When fear takes over, the beatings doesn’t matter.
Today was Sunday, I was told to get dressed for church. I was nearly 8 years old. My mummy laid out my clothes, as usual I didn’t want to wear them, but choice was not an option in my life. I knew I looked old fashion especially as I could tell when the children made fun of me. This Sunday would be the same as any other Sunday. I did like going to Sunday school though because I liked the bible stories, and because I love reading anyway I would immerse myself in the scripture. Since growing up.
Anyway as I was saying I was ready as usual, had breakfast in silence, most of my mummy’s communication with me were demands. It was do this or do that. It certainly wasn’t the friendly chatter I saw with other families. Therefore conversation was minimal, we lived in silence apart from her gospel music playing continuously in the house.
We arrived at church that day, we were late so most people were already there. For some reason I noticed that church was different, everyone was wearing black. The songs were depressing and some people were crying. I noticed there was a large box in the middle of the church, lots of flowers. I was petrified to say the least because there was someone inside, but there was no movement.
I was also very confused. I was a naive eight years old, I had never been to a funeral procession. I had never seen a dead person. I wanted to leave the church as fear gripped me. I remember being sweaty and I felt wobbly. I now know this was what we call anxiety. I guess I could say this was when my Friend anxiety met me. From that moment I believe anxiety became the unwanted Friend, who refused to leave for many years and resurfacing during the worse periods of my life, but we will get to that later.
Well, the church erupted in singing and praises, I recall, amazing grace was one of the songs that played. Then the songs and praises stopped and the pastor said people could view the body. The church members formed a single file. The church hall had two sections with people on the left and people on the right with a aisle down the middle. My mummy and I was sitting on the left, I was at the end chair.
I felt my mummy push me in my back and told me to go. “Oh my what did she mean?” “Go where”. My thoughts were racing and as I write these lines my heart is feeling lighter, I can feel my old friend anxiety coming back to my aid. But I’ve learnt over the years to suppress her. Stubborn cow my Friend is, as I breathe lightly and ignore her demands, and continue my writing, she goes off in a huff.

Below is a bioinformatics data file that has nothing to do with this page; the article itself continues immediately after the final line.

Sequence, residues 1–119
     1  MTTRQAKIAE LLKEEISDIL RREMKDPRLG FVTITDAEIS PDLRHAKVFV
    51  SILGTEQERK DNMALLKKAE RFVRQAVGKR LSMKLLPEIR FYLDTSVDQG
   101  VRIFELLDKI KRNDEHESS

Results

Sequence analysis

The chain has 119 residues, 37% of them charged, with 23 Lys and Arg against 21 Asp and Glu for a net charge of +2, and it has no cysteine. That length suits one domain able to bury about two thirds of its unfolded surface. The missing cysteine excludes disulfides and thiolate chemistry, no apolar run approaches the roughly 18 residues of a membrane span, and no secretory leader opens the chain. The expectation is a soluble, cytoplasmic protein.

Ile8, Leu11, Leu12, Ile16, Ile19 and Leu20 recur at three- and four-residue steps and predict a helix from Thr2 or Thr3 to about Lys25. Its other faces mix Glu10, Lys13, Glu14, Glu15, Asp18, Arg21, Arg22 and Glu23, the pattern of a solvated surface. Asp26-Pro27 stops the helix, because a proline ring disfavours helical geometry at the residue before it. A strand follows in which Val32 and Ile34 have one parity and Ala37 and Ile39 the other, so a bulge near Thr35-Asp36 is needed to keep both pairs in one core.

As I was saying, me and mummy walked to the front of the church in a single file with me in front of her. As we got nearer the coffin I wanted to vomit I recall shaking like a leaf as fear engulfed me. Then she poked me in my back and said “TOUCH HIM” “What, me touch the dead man” no way I just couldn’t. I remember battling with my conscious.
I was disobeying my mummy, I’m going to get beaten. I was jolted back to reality with my mummy pulling my hand to touch the body. I put my hand inside the coffin with my eyes closed but as it got nearer I pulled it away. I felt my hand getting sweaty and I was trembling. I tried to control my bladder as fear took control. I couldn’t see his face properly but remember I had to go on tiptoes. I was a small skinny eight year old. She then said again, ” TOUCH HIM, HES YOUR FATHER”. mad woman!. “How can he be my father” but I do recall being puzzled; did that mean to say, the man I left in Jamaica was not my father? A lump filled my throat. I remember thinking my father in Jamaica was very tall. Although I couldn’t see the whole body, I remember thinking he couldn’t fit in that. I tiptoed to see his face. He was fat “this cannot be my father”, I thought.
In any case, I still refused, not out of disobedience but of fear.
My mummy gave me a look again, to say you had better do as you are told. I tried again but as my hand got nearer to the body I took it away. I remember thinking ” I hate you” and I didn’t care how much beaten I received that day. I watched as many church members filed past the body. We then made our way back to our seats,
I was not going to touch a dead man. Yeeeeuwh.
The church service ended for everyone and the funeral procession continued to the cemetery. Although I did not touch the dead man, whom in the end was the pastor of the church and NOT my father. The fear of death and of the dead continued throughout my teenage and most part of my adult life. I would often wake up in cold sweat for a great part of my life, mainly because I was terrified of dying. This fear built up into a crescendo(a progressive increase in intensity) which I will touch on later, as you follow me through my testimony. Oh yes my dear friend anxiety was here to stay.
I was not beaten or scolded when I went home that day, in fact I cannot recall if the incident was mentioned again.